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[Author: Tom Junge, 11.2016 | Keywords: Iowa Field Notes, State of the Industry]

Are we there yet? Weíve all been asked this before, especially when traveling by car. Iím a numbers guy. When Iím driving I often find myself calculating the Estimated Time of Arrival (ETA) in my head so I can blurt out the ETA at a momentís notice.

Unfortunately, itís not easy to estimate if ìwe are there yetî in terms of hitting the bottom in ag equipment sales. The best I can do is show you where we have been and where we are now.

State of the Industry Survey

Since dealers routinely ask how other dealers are doing, the Association decided to start conducting a State of the Industry survey in 2014. This survey compares the sales, inventory and margins from the current year to the past year. This year, results represent nearly 40% of all Iowa and Nebraska store locations.

Equipment Sales

Most would agree that 2013 was a peak year for ag equipment sales, particularly for dealers with row crop farmers as customers. The year 2014 was also good for dealers with a substantial number of cattle producers in their trade area. Since 2013, new equipment sales have dropped by nearly 50% year-to-date and used equipment sales fell 33%. New equipment sales have dropped consistently by nearly 20% per year, while used equipment sales dropped an average of 12%, with the largest drop coming in 2015.

Observations: Fewer dealers are utilizing online auctions to quickly reduce used equipment inventories. Dealers report that if used equipment is traded-in at the right price, it sells. The drop in used equipment sales should start slowing down and I anticipate new equipment sales to flatten, since dealers are ordering more new equipment to participate in manufacturer programs and, in turn, needing to move it.


Inventory reduction continues to lag behind a reduction in sales primarily due to increased inventory in 2014. Dealers were unable to cancel new equipment orders placed in 2013 and trade-ins came from equipment sold in the last quarter of 2013. The reduction of used inventory in 2015 and 2016 mirror the drop in used equipment sales. I estimate that dealers still need to reduce used equipment inventories by 12% to adjust to today’s sales. The rate of drop in new inventory is flattening.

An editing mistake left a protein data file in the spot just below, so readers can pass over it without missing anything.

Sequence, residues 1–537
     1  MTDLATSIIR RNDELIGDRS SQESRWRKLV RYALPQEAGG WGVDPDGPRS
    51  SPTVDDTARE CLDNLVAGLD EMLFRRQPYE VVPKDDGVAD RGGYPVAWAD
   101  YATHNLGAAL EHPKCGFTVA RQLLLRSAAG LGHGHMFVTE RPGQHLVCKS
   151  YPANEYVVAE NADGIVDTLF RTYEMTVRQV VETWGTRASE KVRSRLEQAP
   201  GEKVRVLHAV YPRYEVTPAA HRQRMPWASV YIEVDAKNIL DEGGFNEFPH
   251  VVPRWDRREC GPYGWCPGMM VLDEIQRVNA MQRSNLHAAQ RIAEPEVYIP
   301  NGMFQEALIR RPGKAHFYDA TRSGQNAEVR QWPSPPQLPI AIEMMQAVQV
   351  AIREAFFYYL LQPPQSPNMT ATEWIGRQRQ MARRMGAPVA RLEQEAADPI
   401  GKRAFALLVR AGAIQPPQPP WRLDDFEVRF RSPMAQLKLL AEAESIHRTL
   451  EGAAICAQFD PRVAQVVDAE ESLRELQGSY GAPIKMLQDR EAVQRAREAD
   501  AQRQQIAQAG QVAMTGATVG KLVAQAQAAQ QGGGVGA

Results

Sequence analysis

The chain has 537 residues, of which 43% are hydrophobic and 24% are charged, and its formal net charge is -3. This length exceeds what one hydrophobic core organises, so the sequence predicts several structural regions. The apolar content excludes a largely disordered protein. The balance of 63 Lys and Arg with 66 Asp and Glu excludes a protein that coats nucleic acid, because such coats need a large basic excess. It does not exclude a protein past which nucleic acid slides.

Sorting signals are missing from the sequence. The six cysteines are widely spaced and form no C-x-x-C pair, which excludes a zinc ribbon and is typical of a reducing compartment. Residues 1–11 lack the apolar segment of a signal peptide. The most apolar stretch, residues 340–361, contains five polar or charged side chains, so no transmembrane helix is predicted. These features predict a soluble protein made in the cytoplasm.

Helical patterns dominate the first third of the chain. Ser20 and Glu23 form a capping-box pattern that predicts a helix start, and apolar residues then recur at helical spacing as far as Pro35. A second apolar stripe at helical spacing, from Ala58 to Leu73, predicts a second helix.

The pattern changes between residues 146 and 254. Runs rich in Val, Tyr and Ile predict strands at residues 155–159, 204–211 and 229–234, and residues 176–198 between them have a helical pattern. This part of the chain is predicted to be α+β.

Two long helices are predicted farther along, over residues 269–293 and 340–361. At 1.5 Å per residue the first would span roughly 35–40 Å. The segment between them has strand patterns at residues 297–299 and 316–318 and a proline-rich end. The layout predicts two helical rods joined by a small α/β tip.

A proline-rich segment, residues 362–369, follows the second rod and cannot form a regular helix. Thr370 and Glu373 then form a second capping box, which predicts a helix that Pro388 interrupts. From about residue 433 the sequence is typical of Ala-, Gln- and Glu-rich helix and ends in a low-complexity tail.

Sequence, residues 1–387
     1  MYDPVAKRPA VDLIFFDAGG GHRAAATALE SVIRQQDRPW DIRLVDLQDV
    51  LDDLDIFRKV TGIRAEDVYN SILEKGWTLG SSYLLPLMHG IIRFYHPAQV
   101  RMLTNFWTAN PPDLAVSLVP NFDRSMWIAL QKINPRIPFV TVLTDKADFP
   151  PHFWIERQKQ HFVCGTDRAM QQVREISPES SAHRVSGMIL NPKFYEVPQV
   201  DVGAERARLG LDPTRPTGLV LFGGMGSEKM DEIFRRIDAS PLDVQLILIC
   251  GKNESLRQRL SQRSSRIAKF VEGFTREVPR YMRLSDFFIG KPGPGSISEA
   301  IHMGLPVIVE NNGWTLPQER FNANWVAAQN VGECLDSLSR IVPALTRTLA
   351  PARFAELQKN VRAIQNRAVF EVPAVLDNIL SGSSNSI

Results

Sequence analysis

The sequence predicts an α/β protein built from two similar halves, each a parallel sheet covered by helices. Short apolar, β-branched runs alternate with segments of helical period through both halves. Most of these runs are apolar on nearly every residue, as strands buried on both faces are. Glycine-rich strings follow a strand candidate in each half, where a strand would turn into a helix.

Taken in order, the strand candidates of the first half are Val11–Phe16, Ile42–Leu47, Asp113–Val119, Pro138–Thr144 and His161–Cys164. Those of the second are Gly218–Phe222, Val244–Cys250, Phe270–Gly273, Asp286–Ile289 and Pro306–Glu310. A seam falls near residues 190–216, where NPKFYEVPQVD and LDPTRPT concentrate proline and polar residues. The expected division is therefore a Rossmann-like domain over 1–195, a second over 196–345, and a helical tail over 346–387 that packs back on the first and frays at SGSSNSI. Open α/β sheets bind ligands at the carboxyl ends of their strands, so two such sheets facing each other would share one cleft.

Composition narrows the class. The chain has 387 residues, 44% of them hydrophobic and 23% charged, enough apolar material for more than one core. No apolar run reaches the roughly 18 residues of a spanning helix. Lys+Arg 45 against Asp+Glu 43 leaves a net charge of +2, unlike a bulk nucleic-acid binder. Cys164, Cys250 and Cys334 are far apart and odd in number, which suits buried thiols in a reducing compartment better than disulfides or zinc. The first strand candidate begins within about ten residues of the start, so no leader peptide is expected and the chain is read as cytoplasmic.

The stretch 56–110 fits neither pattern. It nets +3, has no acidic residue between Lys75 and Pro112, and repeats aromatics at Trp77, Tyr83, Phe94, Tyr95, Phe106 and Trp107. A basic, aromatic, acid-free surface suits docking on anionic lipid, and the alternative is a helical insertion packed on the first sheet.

Observations: More dealers feel comfortable with their used equipment inventory levels. A few felt more inventory adjustments were needed when local corn prices were under $3/bushel but that has subsided since harvest. Concern remains that manufacturers are loading dealers up with new inventory by enticing them to order so they qualify for new and used equipment retail programs.

Equipment Sales Margin

It’s no surprise that the equipment margin has been dropping. According to the State of the Industry Survey, total equipment margins have dropped 37% since 2013. Looking at the Cost Of Doing Business Studies, the drop has primarily come from used equipment. The margin in 2015 dropped to -.3%. The overall average for both new and used equipment has dropped from 6.1% to 4.3%.

Observations: While there is still pressure to sell equipment, dealers are getting better at bringing in trade-ins. Also, there is less used equipment being auctioned, so used equipment margins should have bottomed out. New equipment margins may suffer due to larger new equipment inventory coming to dealerships.

So are we there yet? More precisely, have we hit the bottom of ag equipment sales? Probably not. Dealers are concerned that farmers won’t have an opportunity to lock in higher commodity prices in 2016 like they did this year. According to our 2nd quarter State of the Industry survey, 50% of dealers feel conditions will be better in the second half of 2017 while 35% believe it won’t happen until 2018.


About the Author

Tom Junge

Tom has traveled across Iowa calling on members for more than 24 years. When he’s not on the road, Tom stays busy managing both the Iowa and Nebraska Power Farming Shows. In his free time, Tom enjoys watching college and NFL football, fruit gardening and taking trips with his wife and children.